Previously, we showed that supernatants of AC (ACM) attenuated etoposide-induced caspase-3 activation in THP-1 macrophages via S1P.11  This inhibition of caspase-3 activity was reduced when ACM was generated from Jurkat cells treated with Sts in the presence of the caspase-1 inhibitor Ac-YVAD-CMK or the sphingosine kinase inhibitor dimethylsphingosine (DMS; Figure 2D).

To obtain more direct evidence for the involvement of caspase-1 in provoking SphK2 release, we targeted caspase-1 in Jurkat cells with siRNA. Expression of pro–caspase-1 and the p20 subunit were reduced below the level of control and Sts-treated Jurkat cells (Figure 2E). Release of truncated SphK2 into the supernatant was triggered by Sts in Jurkat cells transfected with nontargeting siRNA, but was attenuated in caspase-1 knockdown cells (Figure 2E). Sts increased caspase-1–like activity (cleavage of YVAD-AMC) as well as caspase-3/7–like activity (cleavage of DEVD-AMC), but only caspase-1 activity was reduced in caspase-1 knockdown cells (Figure 2F). Along that line, ACM from caspase-1 knockdown Jurkat cells failed to protect THP-1 macrophages against etoposide-induced cell death compared with ACM from Jurkat cells transfected with nontargeting siRNA (Figure 2G).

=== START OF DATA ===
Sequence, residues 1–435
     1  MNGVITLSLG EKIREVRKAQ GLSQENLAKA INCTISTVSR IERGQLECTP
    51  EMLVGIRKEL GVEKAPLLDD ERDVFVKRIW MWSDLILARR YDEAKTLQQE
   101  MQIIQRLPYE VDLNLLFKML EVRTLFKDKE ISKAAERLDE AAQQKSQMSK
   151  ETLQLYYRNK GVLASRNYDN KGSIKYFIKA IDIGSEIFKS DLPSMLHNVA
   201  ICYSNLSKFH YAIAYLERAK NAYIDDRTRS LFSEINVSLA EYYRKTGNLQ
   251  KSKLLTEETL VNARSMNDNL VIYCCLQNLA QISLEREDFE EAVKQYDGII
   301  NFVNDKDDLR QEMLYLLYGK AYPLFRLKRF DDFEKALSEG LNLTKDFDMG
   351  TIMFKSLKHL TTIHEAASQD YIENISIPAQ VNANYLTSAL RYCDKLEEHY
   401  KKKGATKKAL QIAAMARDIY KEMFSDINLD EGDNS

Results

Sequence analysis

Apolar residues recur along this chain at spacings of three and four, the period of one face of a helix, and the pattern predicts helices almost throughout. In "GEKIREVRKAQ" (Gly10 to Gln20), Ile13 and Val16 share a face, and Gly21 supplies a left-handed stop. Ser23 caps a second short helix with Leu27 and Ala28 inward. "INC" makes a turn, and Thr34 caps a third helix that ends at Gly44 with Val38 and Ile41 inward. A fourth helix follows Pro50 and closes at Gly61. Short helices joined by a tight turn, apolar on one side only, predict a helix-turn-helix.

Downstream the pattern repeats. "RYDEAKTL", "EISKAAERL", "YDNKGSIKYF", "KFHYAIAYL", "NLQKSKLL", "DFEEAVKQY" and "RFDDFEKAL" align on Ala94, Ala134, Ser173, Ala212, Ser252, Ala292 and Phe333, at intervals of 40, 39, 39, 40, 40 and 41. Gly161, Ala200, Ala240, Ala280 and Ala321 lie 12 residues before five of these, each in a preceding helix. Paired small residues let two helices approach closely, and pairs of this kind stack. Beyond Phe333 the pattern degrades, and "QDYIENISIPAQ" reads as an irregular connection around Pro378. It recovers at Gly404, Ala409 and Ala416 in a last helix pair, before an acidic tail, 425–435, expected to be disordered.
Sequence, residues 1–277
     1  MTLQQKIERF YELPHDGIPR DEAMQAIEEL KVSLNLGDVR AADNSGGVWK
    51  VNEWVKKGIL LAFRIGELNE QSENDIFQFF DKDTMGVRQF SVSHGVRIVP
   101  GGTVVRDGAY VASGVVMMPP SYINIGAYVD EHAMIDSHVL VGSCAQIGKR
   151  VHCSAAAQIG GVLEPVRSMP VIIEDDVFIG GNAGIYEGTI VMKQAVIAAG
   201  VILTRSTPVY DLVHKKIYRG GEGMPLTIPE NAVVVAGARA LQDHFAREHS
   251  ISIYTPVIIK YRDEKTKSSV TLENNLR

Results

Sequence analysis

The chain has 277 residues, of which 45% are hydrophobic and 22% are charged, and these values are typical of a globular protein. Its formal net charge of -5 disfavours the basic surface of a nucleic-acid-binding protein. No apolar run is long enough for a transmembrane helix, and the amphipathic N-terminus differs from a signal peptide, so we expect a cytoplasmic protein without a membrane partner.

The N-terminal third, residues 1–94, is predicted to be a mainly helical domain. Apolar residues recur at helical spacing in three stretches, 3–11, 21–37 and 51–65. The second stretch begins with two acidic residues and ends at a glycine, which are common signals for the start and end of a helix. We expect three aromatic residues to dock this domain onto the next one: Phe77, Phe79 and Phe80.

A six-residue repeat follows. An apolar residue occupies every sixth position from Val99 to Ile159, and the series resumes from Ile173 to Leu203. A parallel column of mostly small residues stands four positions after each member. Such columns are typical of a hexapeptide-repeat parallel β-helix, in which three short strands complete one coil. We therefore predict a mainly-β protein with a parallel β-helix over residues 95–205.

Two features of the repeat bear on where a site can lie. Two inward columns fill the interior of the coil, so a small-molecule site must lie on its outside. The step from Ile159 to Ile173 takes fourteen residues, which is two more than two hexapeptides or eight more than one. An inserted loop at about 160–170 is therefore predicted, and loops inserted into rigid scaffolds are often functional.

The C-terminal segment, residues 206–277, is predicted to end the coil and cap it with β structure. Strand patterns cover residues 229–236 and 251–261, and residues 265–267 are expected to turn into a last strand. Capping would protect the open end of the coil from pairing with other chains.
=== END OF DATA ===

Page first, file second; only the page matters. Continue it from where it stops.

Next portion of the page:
For unequivocally proving the involvement of caspase-1, neither the use of inhibitors nor siRNA might be specific enough. Therefore, we investigated the influence of genetic ablation of caspase-1 on SphK2 release during apoptosis. First, we verified whether SphK2 cleavage and release during apoptosis occurred in the murine system. We transfected NIH 3T3 murine fibroblasts with a plasmid encoding murine C-terminal V5-tagged SphK2 and induced apoptosis (supplemental Figure 4). Unlike in the human system, several intracellular V5-tagged fragments appeared during the time course of V5-SphK2 cleavage, which may indicate further digestion by proteases (supplemental Figure 4). However, the truncated V5-tagged SphK2 was observed in the supernatant after Sts treatment.